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Pain Med. 2012 Feb;13(2):263-9. doi: 10.1111/j.1526-4637.2011.01241.x. Epub 2011 Sep 21.

Efficacy of outpatient ketamine infusions in refractory chronic pain syndromes: a 5-year retrospective analysis.

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Department of Anesthesia and Critical Care, University of Chicago Medical Center, 5841 S.Maryland Avenue, Chicago, IL 60637, USA.



We evaluated whether outpatient intravenous ketamine infusions were satisfactory for pain relief in patients suffering from various chronic intractable pain syndromes.


Retrospective chart review.


Following Institutional Review Board approval, we retrospectively analyzed our database for all ketamine infusions administered over 5 years from 2004 to 2009.


  Data reviewed included doses of intravenous ketamine, infusion duration, pain scores on visual analog scale (VAS) pre- and post-procedure, long-term pain relief, previous interventions, and side effects. All patients were pretreated with midazolam and ondansetron.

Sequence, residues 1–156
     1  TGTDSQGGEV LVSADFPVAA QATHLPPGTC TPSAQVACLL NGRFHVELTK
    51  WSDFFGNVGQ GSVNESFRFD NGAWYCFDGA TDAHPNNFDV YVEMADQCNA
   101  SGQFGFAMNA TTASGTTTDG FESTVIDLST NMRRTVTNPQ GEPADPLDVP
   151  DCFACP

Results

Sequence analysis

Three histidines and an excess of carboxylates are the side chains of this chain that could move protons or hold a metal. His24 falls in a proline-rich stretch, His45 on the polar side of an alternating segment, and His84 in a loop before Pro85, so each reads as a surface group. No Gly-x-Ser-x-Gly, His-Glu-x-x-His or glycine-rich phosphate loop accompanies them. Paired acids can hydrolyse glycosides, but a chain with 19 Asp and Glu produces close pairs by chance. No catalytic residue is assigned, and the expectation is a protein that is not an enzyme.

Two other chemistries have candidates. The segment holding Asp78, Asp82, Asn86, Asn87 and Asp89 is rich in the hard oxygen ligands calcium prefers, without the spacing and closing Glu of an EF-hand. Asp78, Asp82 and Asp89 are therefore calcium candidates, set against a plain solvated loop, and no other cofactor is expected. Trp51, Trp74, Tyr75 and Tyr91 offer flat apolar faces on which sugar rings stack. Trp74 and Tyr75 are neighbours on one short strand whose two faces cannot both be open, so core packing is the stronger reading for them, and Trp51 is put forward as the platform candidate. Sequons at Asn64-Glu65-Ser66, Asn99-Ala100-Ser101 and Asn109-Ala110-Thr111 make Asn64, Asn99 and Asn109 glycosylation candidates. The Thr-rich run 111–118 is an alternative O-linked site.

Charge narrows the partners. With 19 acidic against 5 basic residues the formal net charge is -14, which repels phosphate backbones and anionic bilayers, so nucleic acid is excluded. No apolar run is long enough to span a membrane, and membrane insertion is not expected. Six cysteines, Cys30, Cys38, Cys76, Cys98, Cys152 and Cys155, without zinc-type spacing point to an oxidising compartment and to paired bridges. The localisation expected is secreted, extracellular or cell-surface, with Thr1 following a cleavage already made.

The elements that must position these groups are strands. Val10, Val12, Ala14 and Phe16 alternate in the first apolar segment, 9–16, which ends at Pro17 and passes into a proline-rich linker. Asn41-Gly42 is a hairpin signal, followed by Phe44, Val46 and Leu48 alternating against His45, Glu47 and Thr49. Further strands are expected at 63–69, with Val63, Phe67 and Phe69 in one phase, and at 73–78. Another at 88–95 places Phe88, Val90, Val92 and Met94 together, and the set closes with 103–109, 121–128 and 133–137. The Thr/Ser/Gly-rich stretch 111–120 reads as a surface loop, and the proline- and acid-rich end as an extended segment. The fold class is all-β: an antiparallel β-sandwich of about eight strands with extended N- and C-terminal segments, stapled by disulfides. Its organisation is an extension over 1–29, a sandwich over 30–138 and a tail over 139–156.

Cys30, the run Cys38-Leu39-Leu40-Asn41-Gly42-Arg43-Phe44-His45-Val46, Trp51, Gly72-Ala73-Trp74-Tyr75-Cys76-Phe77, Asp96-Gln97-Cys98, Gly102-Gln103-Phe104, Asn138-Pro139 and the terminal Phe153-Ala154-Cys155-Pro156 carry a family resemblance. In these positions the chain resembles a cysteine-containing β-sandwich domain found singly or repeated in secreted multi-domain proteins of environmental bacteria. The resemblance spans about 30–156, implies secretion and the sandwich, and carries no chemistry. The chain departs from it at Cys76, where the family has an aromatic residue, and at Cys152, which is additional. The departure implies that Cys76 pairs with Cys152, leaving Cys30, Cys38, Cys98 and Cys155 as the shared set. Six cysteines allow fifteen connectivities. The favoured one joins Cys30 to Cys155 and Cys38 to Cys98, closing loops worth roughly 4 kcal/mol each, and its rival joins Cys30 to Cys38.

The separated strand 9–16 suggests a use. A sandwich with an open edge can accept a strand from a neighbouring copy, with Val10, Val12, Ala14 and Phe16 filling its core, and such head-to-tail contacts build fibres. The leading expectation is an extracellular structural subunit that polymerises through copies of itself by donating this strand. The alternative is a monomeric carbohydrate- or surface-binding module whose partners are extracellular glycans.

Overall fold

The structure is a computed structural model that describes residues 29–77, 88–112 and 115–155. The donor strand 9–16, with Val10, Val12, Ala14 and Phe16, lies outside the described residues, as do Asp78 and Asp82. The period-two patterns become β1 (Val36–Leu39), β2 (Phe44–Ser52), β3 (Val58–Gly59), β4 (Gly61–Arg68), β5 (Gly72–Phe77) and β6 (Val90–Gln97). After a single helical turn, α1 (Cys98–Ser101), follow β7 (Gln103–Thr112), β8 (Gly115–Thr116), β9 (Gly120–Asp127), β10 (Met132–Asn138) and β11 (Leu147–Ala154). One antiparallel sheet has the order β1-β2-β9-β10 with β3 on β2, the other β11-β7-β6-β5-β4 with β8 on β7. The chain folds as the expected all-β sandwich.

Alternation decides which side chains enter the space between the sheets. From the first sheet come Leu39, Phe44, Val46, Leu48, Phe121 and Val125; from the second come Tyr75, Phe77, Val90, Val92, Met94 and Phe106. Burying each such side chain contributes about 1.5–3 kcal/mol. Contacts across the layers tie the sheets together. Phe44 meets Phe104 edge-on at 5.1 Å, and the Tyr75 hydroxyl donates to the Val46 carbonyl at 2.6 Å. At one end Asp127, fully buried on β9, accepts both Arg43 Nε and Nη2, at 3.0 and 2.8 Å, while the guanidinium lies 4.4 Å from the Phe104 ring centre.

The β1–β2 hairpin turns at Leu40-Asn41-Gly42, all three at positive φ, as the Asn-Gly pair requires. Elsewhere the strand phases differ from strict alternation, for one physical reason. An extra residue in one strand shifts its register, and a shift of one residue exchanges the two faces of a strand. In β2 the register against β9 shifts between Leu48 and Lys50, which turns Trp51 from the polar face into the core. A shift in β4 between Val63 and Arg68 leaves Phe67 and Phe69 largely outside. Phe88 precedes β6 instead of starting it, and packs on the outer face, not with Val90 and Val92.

We identified 49 patients undergoing 369 outpatient ketamine infusions through retrospective analysis. We excluded 36 infusions because of missing data. Among our patients, 18 (37%) had a diagnosis of complex regional pain syndrome (CRPS). Of the remaining 31 (63%) patients, eight had refractory headaches and seven had severe back pain. All patients reported significant reduction in VAS score of 5.9 (standard error [SE] 0.35). For patients with CRPS, reduction in VAS score was 7.2 (SE 0.51, P < 0.001); for the others, the reduction was 5.1 (SE 0.40, P < 0.001). The difference of 2.1 between groups was statistically significant (SE 0.64, P = 0.002). In 29 patients, we recorded the duration of pain relief. Using the Bernoulli model, we found (90% confidence interval) that the probability of lasting pain relief in patients with refractory pain states was 59-85% (23-51% relief over 3 weeks).


We conclude that in patients with severe refractory pain of multiple etiologies, subanesthetic ketamine infusions may improve VAS scores. In half of our patients, relief lasted for up to 3 weeks with minimal side effects.

[Indexed for MEDLINE]

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